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Natural and mystical processes inspire Ostovany’s practice on a daily basis, driving him on a personal journey of exploration through the alchemy of paint, color, light, texture and the poetics of space: a constant pursuit of a transcendent reality.

Related articles: Abstract Expressionism: What you need to know - Purity of Emotions in Abstract Art - Abstract Expressionism

Yari Ostovany was born in Iran in 1962 and moved to the United States at the age of 16 where he pursued his studies in Art first at the University of Nevada – Reno and further specialized at the San Francisco Art Institute where he gained his MFA in 1995. From that moment on, he has been exhibiting extensively in the United States and internationally, from Los Angeles to Tehran. Moreover, his work is part of the permanent collections of several institutions including the New Britain Museum of American Art in New Britain, Connecticut and Pasargad Bank Museum in Tehran, Iran, both his lands. 


Chellehneshin No 21 by Yari Ostovany, Courtesy of IdeelArt.


Over the years, Ostovany has gradually grown and matured his poetic brushstroke by brushstroke, absorbing Western artistic culture and shaping it according to his Iranian roots and personal inclinations. 

Halfway between gesture and tone, his research is complex to be identified and classified, but perhaps this is exactly its charm. The influence of the great American masters of the post-World War II period is evident, particularly that of Mark Rothko in his latest and most famous period, the master of tonal painting

Yari shares with the master a methodical approach to the colour, slow and steady. He is interested in the corporeity and simultaneously, in the evanescence of oil colour. Tonal painting means patience, it means creating the colour by yourself starting from the pigment, waiting for the colour to dry before applying a new layer, and for a new colour to emerge. His artworks actually unfold over time, evolving layer after layer and emerging thanks to the light. 


Numinous No 33 by Yari Ostovany, Courtesy of IdeelArt.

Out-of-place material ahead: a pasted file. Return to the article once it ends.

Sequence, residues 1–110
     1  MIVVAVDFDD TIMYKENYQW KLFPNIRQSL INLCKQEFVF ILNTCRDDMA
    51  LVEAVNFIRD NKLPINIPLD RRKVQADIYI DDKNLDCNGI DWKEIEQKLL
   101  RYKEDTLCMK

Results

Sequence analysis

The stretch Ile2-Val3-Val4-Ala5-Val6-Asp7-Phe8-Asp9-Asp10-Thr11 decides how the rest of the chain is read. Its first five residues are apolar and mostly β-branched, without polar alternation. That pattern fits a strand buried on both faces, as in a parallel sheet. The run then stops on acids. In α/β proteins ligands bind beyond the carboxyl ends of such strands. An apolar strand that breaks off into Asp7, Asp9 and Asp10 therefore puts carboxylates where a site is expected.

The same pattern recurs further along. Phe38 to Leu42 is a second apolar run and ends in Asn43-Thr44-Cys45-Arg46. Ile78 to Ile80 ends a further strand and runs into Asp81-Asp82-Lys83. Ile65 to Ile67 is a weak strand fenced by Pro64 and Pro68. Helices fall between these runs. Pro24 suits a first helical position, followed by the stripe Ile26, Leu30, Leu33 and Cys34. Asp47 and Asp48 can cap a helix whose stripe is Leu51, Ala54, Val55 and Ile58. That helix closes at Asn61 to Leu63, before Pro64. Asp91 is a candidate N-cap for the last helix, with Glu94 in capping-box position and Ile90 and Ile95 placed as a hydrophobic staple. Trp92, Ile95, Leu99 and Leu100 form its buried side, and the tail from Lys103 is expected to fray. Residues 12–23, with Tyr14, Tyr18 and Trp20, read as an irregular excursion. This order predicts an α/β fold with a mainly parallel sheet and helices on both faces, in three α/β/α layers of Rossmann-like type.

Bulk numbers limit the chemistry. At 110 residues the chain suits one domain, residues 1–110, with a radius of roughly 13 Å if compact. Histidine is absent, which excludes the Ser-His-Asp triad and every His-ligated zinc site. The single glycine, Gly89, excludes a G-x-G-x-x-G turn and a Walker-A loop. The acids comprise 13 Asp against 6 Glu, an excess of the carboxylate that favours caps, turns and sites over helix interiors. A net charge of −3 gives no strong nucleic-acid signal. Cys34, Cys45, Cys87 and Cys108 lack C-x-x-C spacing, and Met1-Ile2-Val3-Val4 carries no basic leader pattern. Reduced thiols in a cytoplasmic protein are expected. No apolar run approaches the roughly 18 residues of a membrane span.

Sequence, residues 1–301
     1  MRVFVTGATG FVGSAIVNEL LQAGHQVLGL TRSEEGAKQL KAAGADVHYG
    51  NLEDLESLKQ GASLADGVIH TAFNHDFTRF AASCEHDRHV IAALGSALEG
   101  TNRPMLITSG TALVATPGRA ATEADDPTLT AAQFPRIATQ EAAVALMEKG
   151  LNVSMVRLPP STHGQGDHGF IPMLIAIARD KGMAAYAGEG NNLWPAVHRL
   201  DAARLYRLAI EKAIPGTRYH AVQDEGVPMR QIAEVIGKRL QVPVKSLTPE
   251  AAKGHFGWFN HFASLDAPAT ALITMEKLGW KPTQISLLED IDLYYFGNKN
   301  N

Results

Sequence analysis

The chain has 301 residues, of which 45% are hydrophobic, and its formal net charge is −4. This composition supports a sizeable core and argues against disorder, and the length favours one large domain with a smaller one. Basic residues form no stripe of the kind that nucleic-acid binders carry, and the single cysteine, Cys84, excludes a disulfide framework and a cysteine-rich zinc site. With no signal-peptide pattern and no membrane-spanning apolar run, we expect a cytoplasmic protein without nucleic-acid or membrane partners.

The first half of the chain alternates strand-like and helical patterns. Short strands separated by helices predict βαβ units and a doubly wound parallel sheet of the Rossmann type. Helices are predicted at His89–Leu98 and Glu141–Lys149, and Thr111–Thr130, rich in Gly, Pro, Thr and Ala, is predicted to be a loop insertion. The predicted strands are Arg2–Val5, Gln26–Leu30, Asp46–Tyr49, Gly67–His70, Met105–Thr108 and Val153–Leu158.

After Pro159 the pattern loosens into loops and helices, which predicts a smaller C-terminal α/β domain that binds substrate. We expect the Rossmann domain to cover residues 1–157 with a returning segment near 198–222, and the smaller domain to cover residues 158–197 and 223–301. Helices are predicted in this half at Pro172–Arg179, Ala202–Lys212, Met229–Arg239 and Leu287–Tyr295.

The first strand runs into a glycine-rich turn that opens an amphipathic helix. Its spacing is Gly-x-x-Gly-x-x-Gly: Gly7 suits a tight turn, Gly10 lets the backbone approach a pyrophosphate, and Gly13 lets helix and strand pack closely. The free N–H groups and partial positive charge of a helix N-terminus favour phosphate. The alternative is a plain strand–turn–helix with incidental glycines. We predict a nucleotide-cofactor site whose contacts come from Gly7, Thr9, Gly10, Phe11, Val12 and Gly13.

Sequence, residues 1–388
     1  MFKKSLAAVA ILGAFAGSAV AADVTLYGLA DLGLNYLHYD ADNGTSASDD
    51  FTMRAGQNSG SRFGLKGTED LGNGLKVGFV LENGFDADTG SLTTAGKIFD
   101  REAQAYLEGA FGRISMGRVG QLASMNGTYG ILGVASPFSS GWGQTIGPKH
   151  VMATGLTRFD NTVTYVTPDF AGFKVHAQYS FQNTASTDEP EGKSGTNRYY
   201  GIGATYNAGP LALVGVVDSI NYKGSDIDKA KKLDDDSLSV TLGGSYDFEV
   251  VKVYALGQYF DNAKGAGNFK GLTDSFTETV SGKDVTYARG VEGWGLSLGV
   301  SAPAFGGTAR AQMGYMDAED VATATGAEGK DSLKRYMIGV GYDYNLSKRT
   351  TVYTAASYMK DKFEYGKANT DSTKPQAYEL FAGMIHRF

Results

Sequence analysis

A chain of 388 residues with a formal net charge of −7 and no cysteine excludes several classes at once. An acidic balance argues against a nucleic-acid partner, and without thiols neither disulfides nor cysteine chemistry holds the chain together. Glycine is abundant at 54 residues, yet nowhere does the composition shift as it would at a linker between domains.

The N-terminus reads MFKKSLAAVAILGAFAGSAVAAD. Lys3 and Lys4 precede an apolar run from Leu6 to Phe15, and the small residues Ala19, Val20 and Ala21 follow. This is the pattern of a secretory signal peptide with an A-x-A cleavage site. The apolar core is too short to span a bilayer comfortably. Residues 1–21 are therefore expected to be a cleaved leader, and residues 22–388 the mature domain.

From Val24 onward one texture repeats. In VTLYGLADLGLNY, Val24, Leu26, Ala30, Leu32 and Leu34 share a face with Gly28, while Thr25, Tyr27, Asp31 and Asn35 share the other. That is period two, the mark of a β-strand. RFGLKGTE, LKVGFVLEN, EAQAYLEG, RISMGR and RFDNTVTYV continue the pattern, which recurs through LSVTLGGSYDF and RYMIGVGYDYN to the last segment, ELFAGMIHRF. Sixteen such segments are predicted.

And here this is the second link to Rothko: the importance of light, without which Yari’s paintings would have no reason to exist. Light creates the soft, enveloping atmosphere that emerges from each of Ostovany's artwork. Sometimes it is stronger, sometimes it is subtler, but light is always the dominant feature as we can see in Numinous No 33, an immersive canvas that seems to wrap around the viewer in a mystical atmosphere. You will never see a juxtaposition of strong, bold colours, but always a gradual transition of nuances.

Having said that, Ostovany’s practice is not only about tonal painting and clever use of light. The artist is fascinated by the gesture as well, appearing on his canvas as an interpreter of the most ancient primordial contradictory forces. In this nuance of his research, his Iranian roots and Persian Taoist aesthetic sensibilities emerge, two characteristics profoundly detached from the American culture and yet deeply coexisting in his personality. 

A new painting often begins as a series of calligraphic gestural marks, what Ostovany calls a gesturaloutburst, inspired by a cognitive/emotional spark, an impulse. This approach owes a lot to Abstract Expressionism, as the artist himself says. If you take a glance at Numinous N 25, you will perceive colour runs and a more pronounced, impulsive graphic sign.


Numinous No 25 by Yari Ostovany, Courtesy of IdeelArt.


His work takes shape from the dichotomy of light and matter, colour and sign, in a constant research of a spiritual reality that goes beyond the reality we see. “I approach painting as the visual evidence of, and not a report on, an experience; not a representation of spiritual energy but a translation of it into light and texture, navigating the space between stasis and movement, between emergence and disappearance.” Ostovany’s words well explain his poetics: the spiritual as an experience. He clearly feels a connection to multiple separate and yet complementary mystical traditions that will always appear in his artworks.


Discover more works by Yari Ostovany on Kooness.  

Cover image: Conference of the Birds No 28 by Yari Ostovany, Courtesy of IdeelArt.

Written by Giulia Caruso

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